Bankruptcy Court. Dayton, Ohio. Greek Revival Architecture.The Third Circuit Court of Appeals recently affirmed the decisions of the District and Bankruptcy Court denying, for reasons of inadequate disclosure, the approval of a third-party release provision in the Chapter 11 plan of In re Lower Bucks Hospital, et al., Case No. 10-10239(ELF)(“Lower Bucks”). The offending release purported to prohibit a class of creditors that held corporate bonds in the Debtor, Lower Bucks Hospital, from bringing claims against their Indenture Trustee, The Bank of New York Mellon Trust Company, N.A. The permissibility of third-party releases, where a non-debtor receives a release of the claims of creditors, continues to be a controversial issue in the Third Circuit. While the Third Circuit has yet to issue a definitive opinion on when such third-party releases may be granted, the Court emphatically stated that they may not be granted in the absence of clear and conspicuous disclosure to affected parties.

Background

An understanding of the underlying facts is essential to an appreciation of the Third Circuit’s ruling. In the early 1990’s, Lower Bucks issued bonds to refinance some of its debt and to fund certain capital projects. The bonds were secured by interests in the gross revenues of the hospital. The Bank of New York Mellon Trust Company, N.A. (“BNYM”) was appointed as Indenture Trustee and was responsible for maintaining effective financing statements for the Bondholders’ security interests. Lower Bucks underwent some name changes in 1997 and 2006, but BNYM did not file any amended financing statements to reflect the correct name of the hospital until October of 2009. Lower Bucks filed for bankruptcy within 90 days of these amended financing statements.

The Bond Litigation.

An adversary proceeding (“Bond Litigation”) was filed by Lower Bucks against BNYM seeking to reduce the status of the Bondholders from secured to general unsecured creditors, alleging that the security interests in Lower Bucks’ assets were not perfected at the time of its bankruptcy because BNYM failed to timely file amended financing statements after Lower Bucks’ earlier name change. The financing statements that were subsequently filed in October 2009 were filed within 90 days of Lower Bucks’ bankruptcy petition date, exposing the lien created by that filing to a claim for avoidance as a preference under 11 U.S.C. § 547.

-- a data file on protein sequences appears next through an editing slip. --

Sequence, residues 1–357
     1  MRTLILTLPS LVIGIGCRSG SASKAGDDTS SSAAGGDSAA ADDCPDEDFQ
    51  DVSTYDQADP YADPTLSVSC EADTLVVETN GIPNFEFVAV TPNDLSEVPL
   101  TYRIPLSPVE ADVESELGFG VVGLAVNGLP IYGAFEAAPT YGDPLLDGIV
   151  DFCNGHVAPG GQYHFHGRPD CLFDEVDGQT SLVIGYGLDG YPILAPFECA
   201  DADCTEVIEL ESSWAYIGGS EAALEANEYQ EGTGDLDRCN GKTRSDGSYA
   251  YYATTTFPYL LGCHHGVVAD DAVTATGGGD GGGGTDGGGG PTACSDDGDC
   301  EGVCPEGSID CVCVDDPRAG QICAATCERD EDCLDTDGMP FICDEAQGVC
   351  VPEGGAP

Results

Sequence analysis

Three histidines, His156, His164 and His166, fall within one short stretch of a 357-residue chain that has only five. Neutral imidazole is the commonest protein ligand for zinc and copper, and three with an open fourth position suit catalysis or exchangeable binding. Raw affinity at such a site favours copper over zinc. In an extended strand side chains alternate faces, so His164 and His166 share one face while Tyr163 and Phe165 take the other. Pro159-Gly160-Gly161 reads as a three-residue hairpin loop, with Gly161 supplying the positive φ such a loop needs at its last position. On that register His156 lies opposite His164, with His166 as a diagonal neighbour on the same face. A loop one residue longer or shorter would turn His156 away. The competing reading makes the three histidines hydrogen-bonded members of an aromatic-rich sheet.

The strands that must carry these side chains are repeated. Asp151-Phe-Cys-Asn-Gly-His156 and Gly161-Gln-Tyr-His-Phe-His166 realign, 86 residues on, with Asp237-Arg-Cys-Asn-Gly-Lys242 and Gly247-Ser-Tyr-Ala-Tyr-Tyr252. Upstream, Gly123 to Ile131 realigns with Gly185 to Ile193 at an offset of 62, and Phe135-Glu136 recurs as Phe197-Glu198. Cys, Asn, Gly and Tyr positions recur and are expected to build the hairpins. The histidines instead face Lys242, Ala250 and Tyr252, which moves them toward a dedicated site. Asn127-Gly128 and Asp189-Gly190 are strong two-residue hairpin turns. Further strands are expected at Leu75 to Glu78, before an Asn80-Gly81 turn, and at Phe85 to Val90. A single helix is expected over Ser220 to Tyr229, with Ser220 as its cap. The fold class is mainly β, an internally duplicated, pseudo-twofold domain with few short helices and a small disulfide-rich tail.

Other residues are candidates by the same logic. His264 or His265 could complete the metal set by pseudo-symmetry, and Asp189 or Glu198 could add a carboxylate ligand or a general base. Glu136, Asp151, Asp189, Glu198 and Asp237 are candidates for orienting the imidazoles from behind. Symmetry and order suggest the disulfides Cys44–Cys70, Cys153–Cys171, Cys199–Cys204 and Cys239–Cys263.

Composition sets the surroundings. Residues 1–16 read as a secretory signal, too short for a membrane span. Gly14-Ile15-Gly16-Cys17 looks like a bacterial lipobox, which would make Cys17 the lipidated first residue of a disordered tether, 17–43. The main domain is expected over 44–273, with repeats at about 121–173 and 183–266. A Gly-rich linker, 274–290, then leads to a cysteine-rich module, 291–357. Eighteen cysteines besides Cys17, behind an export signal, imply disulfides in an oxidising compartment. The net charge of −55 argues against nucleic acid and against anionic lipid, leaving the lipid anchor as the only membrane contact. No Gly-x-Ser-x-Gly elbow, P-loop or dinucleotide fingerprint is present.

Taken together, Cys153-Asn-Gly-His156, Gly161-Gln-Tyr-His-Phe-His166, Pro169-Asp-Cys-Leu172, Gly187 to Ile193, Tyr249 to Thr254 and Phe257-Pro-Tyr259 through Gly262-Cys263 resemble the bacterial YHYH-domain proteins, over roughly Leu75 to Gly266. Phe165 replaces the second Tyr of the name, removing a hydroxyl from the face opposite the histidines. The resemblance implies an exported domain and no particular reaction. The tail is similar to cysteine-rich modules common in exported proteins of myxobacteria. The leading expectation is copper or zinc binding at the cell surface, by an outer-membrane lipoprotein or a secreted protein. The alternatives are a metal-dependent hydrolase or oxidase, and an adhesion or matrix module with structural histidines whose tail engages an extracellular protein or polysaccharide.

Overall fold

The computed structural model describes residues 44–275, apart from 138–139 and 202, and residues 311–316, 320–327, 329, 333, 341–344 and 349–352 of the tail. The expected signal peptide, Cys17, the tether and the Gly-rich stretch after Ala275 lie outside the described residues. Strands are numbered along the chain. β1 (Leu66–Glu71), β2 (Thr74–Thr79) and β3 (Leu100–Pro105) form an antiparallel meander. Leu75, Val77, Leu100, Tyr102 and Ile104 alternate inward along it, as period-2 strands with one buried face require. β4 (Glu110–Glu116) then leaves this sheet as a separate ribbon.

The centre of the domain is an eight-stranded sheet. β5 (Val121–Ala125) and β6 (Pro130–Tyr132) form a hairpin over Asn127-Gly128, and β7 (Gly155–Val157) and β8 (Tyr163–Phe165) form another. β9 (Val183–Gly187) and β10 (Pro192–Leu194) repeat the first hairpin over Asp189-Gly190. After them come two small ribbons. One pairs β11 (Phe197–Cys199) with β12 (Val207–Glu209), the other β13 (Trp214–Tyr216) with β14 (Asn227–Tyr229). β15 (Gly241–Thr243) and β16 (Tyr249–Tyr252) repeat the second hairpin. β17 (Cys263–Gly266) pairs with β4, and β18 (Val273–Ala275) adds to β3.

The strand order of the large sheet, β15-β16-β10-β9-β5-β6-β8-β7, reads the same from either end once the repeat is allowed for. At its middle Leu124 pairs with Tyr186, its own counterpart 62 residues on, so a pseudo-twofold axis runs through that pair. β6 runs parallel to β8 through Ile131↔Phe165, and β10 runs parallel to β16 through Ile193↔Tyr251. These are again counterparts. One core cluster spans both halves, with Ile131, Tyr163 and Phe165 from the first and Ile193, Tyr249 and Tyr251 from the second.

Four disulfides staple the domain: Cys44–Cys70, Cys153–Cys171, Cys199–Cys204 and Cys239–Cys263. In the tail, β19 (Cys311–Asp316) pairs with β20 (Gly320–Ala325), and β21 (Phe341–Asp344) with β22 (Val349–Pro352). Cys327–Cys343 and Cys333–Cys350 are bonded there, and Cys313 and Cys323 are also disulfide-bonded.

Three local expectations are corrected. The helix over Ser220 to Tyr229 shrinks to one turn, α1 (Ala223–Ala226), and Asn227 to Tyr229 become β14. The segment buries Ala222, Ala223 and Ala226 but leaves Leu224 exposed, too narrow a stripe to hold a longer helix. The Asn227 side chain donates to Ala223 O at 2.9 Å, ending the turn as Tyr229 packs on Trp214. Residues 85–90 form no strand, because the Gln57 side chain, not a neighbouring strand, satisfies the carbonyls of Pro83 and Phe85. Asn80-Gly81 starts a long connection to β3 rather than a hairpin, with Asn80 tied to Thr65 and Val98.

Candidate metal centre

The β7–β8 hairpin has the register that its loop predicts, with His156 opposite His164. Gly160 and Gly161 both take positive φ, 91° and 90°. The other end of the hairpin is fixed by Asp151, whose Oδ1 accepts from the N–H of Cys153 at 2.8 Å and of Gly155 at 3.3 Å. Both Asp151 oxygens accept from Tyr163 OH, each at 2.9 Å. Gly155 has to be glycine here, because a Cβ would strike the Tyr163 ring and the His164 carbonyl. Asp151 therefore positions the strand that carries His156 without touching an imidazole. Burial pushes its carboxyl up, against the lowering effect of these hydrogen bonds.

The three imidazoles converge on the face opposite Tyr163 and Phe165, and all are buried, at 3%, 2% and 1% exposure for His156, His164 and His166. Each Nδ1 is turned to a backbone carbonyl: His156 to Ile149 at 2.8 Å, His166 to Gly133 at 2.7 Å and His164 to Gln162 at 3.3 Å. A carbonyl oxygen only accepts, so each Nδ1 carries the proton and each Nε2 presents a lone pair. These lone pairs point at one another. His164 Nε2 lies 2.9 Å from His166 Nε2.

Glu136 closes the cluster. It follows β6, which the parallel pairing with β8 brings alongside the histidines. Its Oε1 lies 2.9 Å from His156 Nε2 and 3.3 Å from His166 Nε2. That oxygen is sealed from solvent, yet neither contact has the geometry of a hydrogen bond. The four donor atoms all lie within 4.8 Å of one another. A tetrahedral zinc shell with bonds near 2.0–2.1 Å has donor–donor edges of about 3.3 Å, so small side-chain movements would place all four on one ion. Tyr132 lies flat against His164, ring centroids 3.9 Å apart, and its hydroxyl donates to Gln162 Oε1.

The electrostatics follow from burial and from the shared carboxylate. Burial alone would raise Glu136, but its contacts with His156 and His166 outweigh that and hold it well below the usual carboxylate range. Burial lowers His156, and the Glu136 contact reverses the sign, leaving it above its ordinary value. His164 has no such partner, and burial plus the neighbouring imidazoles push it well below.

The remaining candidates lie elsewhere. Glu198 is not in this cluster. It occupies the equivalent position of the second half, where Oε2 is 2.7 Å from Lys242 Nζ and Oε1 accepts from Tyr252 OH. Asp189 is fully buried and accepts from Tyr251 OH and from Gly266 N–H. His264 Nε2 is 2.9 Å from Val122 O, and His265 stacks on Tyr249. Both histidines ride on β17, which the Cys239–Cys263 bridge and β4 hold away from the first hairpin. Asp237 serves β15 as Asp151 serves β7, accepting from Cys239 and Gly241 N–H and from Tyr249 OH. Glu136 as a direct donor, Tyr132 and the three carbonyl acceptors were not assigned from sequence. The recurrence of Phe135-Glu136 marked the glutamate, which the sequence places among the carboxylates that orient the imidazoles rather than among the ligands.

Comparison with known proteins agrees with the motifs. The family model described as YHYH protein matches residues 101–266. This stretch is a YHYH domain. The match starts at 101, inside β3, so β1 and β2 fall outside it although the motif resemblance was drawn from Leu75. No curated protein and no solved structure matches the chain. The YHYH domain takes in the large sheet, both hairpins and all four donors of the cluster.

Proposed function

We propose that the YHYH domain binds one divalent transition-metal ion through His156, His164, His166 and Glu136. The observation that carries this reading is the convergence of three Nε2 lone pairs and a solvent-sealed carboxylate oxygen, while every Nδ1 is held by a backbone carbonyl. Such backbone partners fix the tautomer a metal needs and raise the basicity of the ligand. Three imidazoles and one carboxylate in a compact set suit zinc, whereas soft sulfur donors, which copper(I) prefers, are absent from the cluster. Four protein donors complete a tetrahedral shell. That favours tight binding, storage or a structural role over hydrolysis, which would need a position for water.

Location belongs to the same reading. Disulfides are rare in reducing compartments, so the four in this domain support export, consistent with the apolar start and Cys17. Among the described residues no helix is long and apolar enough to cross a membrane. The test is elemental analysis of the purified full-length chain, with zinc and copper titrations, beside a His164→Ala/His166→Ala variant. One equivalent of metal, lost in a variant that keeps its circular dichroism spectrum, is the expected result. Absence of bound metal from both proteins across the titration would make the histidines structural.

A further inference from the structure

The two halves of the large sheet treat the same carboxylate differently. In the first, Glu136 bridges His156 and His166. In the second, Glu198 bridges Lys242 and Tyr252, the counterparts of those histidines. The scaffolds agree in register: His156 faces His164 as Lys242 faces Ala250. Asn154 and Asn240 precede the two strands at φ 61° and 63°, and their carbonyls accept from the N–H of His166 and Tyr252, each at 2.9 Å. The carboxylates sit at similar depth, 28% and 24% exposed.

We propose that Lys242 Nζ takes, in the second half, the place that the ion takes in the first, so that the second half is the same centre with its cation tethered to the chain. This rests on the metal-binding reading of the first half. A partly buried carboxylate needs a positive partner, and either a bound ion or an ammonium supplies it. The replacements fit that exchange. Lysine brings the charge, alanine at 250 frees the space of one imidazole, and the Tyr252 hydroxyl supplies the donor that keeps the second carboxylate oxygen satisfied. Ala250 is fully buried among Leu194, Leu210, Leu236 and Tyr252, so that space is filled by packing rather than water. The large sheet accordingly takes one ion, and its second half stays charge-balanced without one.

The Settlement of the Bond Litigation.

After litigating the Bond Litigation for more than a year, BNYM and Lower Bucks reached a settlement. The settlement stipulation (“Stipulation”) provided that the Bondholders’ asserted secured claim would be reduced from approximately $26 million to $8.15 million. In addition to the customary mutual releases between parties to the settlement, the Stipulation went further and also contained a provision, without any highlighting or emphasis, stating that the eventual plan would provide for a release of all claims against the Bond Trustee by all parties, including the Bondholders, to the extent permitted by applicable law. Lower Bucks then filed a motion seeking approval of the Stipulation pursuant to Fed. R. Bankr. P. 9019 (“9019 Motion”). The 9019 Motion consisted of seventeen pages of mostly single-spaced text that, in similar fashion to the Stipulation, made reference to the purported Third-Party Release by including, without highlighting or reference, the words “and the Bond Trustee” among the parties to be released. Bankruptcy Judge Frank approved the 9019 Motion and Settlement without being aware of the purported third-party release provisions. During the hearing on the 9019 Motion, Judge Frank questioned the litigants about unusual language in the proposed order approving the Stipulation that should have prompted the candor of counsel to fully apprise the Court of the existence of the Third-Party Release.